English Folklore

Myths and Mysteries from English Folklore

Folklore refers to stories and legends unique to a particular geographical location, mainly countries, towns or tribes. They are traditionally passed down orally, from one generation to another, with the elderly relating them to their curious youngsters.

Most folklore includes mythical creatures, heroes, elves and horrifying villains, and are mostly fantastical. While most of the details may have been fabricated and added to by each generation, there is some truth to the origins of these tales. The facts revealed in folklore support cultural anthropological studies, because they have been enriched by the events of the passing years, more so with England’s rich history filled with battles, revolutions, political influences and religious changes.

Given below is a list of significant tales form English folklore, which has woven themselves into England’s culture, appearing in literature, songs and even on the silver screen.

  1. Robin Hood

Known as the hero that ‘stole from the rich and gave to the poor’, Robin hood is a nobleman who gave up his position and became an outlaw, to protect ordinary people from those in power who abused their authority, namely the ‘Sherriff of Nottingham.’ He lived in ‘Sherwood’ with his gang of ‘Merry Men’ and robbed wealthy aristocrats to support the poor village folk. He was a fine archer and swordsman, according to legend.

The first reference to the character was made in the ballad “Robin Hood and the Monk”, written in the 15th century. Several allusions previously raised during the 13th century were with different forms of the name ‘Robin Rood’ appearing in various texts. The historic outlaw ‘Roger Godberd’ is said to show similarities with the legendry hero.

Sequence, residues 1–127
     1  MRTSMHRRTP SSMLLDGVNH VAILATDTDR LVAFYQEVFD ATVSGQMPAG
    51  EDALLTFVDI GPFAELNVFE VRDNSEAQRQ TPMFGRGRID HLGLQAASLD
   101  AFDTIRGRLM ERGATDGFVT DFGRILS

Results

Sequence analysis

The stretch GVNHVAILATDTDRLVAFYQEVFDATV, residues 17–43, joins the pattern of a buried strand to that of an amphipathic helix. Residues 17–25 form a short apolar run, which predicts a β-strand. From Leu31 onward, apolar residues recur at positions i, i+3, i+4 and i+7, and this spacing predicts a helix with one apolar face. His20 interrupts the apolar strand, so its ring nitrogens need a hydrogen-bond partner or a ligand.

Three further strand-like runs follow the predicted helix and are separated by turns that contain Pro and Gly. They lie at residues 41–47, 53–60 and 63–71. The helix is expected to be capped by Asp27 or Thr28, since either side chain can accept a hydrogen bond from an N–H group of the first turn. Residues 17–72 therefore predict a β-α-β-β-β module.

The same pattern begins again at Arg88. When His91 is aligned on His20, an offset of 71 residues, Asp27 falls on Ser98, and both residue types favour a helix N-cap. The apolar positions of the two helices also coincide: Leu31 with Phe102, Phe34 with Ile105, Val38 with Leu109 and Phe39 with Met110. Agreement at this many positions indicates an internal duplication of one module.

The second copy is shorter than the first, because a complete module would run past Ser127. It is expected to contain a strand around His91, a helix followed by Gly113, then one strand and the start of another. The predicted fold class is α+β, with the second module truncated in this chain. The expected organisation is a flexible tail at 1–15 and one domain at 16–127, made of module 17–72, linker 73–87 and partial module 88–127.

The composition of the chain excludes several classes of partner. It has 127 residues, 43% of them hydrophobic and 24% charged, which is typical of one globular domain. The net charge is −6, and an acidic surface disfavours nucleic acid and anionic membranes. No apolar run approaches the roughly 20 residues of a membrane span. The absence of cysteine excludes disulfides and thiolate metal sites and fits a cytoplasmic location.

There have been many film adaptations of the legend over the years, notably the BBC released TV series of 2006.

  1. Tom Thumb

‘Tom Thumb’ is the first recorded English fairy tale and his story was mentioned in the publication “The History of Tom Thumbe” in 1621. Evidence was found in older texts of the existence of this character, before the official publication. Tom Thumb is the size of his father’s thumb. He embarks on many adventures, some of which include being swallowed by a cow, becoming a fellow of King Arthur’s court and encountering giants.

In ‘Discovery of Witchcraft’ by ‘Reginald Scot’ in 1584, he lists Tom among the mystical creatures, such as witches, who are used by maids to scare children. Some believe that Tom Thumb’s home and grave are located at the village ‘Tattershall’ in ‘Lincolnshire,’ UK.

  1. Mother Nature

Mother Nature is a dominant figure in English folklore and appears in many cultural works. She is believed to be the personification of Nature. The Greeks assumed that she was a Goddess, but medieval Christian thinkers saw her as a being at the ‘middle,’ with ‘Angels’ above her and ‘demons’ and ‘Hell’ beneath her. She is believed to personify the nurturing and life-giving aspects of nature as a ‘mother.’

Other English folklore figures include ‘The Black Dog’, ‘Boggart’, ‘Will-o’-the-wisp’, and ‘Dragons’, etc.